Esta era nasceu de guerras e revoluções. A próxima, não sabemos.
Uma reflexão simultaneamente melancólica e realista de Bill Gross, um dos grandes gestores financeiros americanos dos últimos quarenta anos, sobre uma era que está a chegar ao fim.
Envelhecimento demográfico, elevados níveis de endividamento/PIB, e destruição tecnológica de emprego, são uma combinação letal. Todos morremos, como morrem todas as eras de crescimento assentes em 'revoluções de preços' (inflação). Esta, que vem de 1887 (Fischer, D. H.), chegou ao fim. Segue-se uma nova era de deflação, regressão demográfica (Portugal poderá chegar a 2050 com menos 750 a 800 mil residentes que hoje), elevados níveis de desemprego estrutural, envelhecimento da população (a sustentabilidade do estado social tenderá a degradar-se), quebra dos rendimentos do trabalho e do capital, instabilidade social, política e diplomática recorrente, e finalmente, adaptação.
Possivelmente assistiremos a um novo renascimento cultural, por mais paradoxal que este vaticínio pareça. Será, com certeza, noutro paradigma energético, noutro paradigma de consumo, e noutro paradigma de felicidade.
A Sense of an Ending
By Bill Gross
Janus Capital / Investment Outlook, May 4, 2015
Having turned the corner on my 70th year, like prize winning author Julian Barnes, I have a sense of an ending. Death frightens me and causes what Barnes calls great unrest, but for me it is not death but the dying that does so. After all, we each fade into unconsciousness every night, do we not? Where was “I” between 9 and 5 last night? Nowhere that I can remember, with the exception of my infrequent dreams. Where was “I” for the 13 billion years following the Big Bang? I can’t remember, but assume it will be the same after I depart – going back to where I came from, unknown, unremembered, and unconscious after billions of future eons. I’ll miss though, not knowing what becomes of “you” and humanity’s torturous path – how it will all turn out in the end. I’ll miss that sense of an ending, but it seems more of an uneasiness, not a great unrest. What I fear most is the dying – the “Tuesdays with Morrie” that for Morrie became unbearable each and every day in our modern world of medicine and extended living; the suffering that accompanied him and will accompany most of us along that downward sloping glide path filled with cancer, stroke, and associated surgeries which make life less bearable than it was a day, a month, a decade before.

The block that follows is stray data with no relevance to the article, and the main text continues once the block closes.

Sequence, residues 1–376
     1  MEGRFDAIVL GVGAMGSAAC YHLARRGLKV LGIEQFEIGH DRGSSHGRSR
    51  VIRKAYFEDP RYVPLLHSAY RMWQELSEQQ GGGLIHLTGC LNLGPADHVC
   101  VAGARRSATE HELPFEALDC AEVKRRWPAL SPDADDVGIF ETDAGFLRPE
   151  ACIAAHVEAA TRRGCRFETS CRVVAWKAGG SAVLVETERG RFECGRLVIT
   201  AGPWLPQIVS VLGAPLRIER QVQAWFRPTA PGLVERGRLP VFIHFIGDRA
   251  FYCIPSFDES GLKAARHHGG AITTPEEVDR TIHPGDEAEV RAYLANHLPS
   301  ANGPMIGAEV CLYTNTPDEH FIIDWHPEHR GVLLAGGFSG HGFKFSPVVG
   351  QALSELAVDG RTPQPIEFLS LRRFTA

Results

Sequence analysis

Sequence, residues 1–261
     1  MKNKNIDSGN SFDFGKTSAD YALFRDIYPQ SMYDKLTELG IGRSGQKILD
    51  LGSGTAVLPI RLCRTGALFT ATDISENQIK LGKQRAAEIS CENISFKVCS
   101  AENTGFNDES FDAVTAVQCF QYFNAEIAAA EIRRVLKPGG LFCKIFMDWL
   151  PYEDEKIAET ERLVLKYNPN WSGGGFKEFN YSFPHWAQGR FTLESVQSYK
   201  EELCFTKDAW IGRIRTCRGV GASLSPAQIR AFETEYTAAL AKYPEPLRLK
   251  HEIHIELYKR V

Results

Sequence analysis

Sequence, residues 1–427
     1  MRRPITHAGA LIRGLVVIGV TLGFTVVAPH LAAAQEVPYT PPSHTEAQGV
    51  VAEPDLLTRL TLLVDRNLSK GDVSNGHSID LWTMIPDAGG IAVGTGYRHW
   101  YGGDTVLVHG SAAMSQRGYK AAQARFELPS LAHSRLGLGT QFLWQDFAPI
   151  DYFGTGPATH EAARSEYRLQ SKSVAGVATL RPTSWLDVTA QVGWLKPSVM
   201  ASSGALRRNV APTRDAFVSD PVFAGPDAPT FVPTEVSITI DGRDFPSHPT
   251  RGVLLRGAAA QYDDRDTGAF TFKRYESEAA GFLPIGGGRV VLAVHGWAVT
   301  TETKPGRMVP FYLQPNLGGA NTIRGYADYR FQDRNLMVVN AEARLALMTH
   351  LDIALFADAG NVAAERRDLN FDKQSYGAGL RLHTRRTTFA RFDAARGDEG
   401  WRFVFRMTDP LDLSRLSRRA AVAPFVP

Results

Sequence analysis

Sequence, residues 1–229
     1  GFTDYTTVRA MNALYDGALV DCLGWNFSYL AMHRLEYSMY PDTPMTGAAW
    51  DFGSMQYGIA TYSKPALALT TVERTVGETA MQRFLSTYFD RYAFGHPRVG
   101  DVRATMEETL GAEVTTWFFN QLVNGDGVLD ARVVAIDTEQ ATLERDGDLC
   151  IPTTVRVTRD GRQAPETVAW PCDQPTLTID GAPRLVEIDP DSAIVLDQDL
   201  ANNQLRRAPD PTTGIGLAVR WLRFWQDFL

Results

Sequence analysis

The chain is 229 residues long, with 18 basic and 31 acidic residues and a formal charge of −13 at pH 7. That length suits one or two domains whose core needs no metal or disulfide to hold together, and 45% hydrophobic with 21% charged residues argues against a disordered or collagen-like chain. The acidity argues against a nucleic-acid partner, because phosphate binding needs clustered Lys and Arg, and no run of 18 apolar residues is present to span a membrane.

Turning 70 is something that all of us should hope to do but fear at the same time. At 70, parents have died long ago, but now siblings, best friends, even contemporary celebrities and sports heroes pass away, serving as a reminder that any day you could be next. A 70-year-old reads the obituaries with a self-awareness as opposed to an item of interest. Some point out that this heightened intensity should make the moment all the more precious and therein lies the challenge: make it so; make it precious; savor what you have done – family, career, giving back – the “accumulation” that Julian Barnes speaks to. Nevertheless, the “responsibility” for a life’s work grows heavier as we age and the “unrest” less restful by the year. All too soon for each of us, there will be “great unrest” and a journey’s ending from which we came and to where we are going.
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